10.20.09

Three Views of Recovery

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Currently, there are three major conflicting views on the nature of recovery. One view states that recovery is the result of a religious conversion experience. Another holds that recovery is really the process of re-socializing oneself to a community of sober addicts. A third view maintains that recovery happens when addicts expose and treat the underlying psychological causes of addiction.

via Three Views of Recovery « Stepstudy.org.

How are they conflicting? Aren’t they all true?

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Written by xty

September 11, 2010 at 10:54

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antabuse

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I told my Dr today that I was relieved to be on Antabuse. I am. It is an acceptance of powerlessness on a different level, a mechanical level, about which I have had mixed feelings but now do not.

I have drank on Antabuse 4 times – amounts ranging from trace to full-blown in my system –  and have been afraid or reluctant to use it again until now. I feel comfortable with it now. There are some ethical gray areas with this drug, or at least one. One can die combining it with alcohol…but one can die from just alcohol too.  The idea is that impulsive drinking is ruled out, and the several days required to clear it out of one’s system provide an opportunity for a return to sanity or a request for help.

The difference in my reaction can be described in how I thought about the possible inevitability I would want to drink while taking it. I used to think “Oh god I might drink on it and have that horrible reaction or at best have to wait days before I can drink safely, no way. Too risky. Too risky, I might suffer if I change my mind.” Now I think “Good no chance I can ruin my life again without an interval where I can run around telling everyone I’m thinking about that and throw myself on the mercy of…whatever…support network, higher power, common sense, a decision to watch all the seasons of Lost back to back in my free time while being monitored by friends…”

Does it matter what I think? I think so.

Written by xty

September 8, 2010 at 13:32

H.O.W.

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I realized I have not been very open-minded at all. That state of being informed a corrupted honesty and thus made willingness unnatural.  I’m hopeful there has been a cool miracle or spiritual/mental breakthrough that I may stay here and move forward.  New Sponsor P told me last night to be aware of honesty for a bit…just be aware of it through my days, as that is the principal behind Step One. Did I make a decision to be closed-minded and unwilling?  Not a conscious one, that’s certain.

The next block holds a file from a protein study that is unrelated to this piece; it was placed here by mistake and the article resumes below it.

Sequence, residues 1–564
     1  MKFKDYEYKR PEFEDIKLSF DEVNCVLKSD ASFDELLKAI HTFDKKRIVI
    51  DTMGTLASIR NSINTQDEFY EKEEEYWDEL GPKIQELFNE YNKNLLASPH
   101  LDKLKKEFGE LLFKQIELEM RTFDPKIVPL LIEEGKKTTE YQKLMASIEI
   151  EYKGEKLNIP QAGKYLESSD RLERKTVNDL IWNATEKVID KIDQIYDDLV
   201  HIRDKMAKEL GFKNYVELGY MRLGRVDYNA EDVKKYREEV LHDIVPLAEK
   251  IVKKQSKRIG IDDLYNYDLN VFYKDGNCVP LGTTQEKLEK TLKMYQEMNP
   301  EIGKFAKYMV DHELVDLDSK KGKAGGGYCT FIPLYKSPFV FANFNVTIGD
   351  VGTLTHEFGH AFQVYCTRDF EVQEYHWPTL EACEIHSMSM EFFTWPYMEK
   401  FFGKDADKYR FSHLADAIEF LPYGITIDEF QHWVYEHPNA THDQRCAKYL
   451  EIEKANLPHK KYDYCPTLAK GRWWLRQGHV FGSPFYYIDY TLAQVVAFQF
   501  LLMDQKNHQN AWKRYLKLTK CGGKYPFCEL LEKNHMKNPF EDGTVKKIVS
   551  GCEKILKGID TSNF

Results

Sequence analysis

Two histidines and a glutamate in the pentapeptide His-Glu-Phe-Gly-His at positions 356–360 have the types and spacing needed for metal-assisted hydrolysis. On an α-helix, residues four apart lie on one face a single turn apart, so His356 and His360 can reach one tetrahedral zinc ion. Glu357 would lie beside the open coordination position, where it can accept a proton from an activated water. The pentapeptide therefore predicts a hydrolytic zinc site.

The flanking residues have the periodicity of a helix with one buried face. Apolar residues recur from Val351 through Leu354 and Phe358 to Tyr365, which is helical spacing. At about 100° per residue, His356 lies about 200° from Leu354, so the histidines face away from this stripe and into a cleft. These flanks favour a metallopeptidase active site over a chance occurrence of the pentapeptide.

To be honest, I’ve often felt a whisper of jealousy when someone shared “…and then I was ready to do whatever it took….”   I’ll never figure out why my experience has been so protracted and imperfect, but maybe one day I will understand.

Written by xty

September 2, 2010 at 09:52

moratorium on omniscience

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be careful, because the problem with clever is that when everything’s just fodder for the next punchline then eventually everything you take in is just a “yes, but…” and that’s a hard thing to have riding shotgun in your head when you’re alone and it’s late and you realize your alcoholism has been whispering in your ear for the past hour, and suddenly you are very seriously considering picking up your car keys and going out to do something very, very foolish

via Mr. SponsorPants: they don’t warn you.

The topic at the clubhouse noon meeting today was humility, acceptance, and the First Suggested Step. I confess I asked for it, and also confess I am pretty sure I have never in 20 AA years asked to hear experience on humility, acceptance and the 1st step. Always assumed I had it cold. Seemingly hundreds of things are coming together at once these recent weeks (insert several long boring stories here) and when my Hopefully-Sponsor-to-Be asked me to tell him about my understanding of powerlessness it occurred to me that the question seemed fresh for the first time in a long time so I’ve been thinking on it. There are so many things I gotta accept, mostly globbed together in one giant-ass pill the size of a Buick I foresee having to swallow.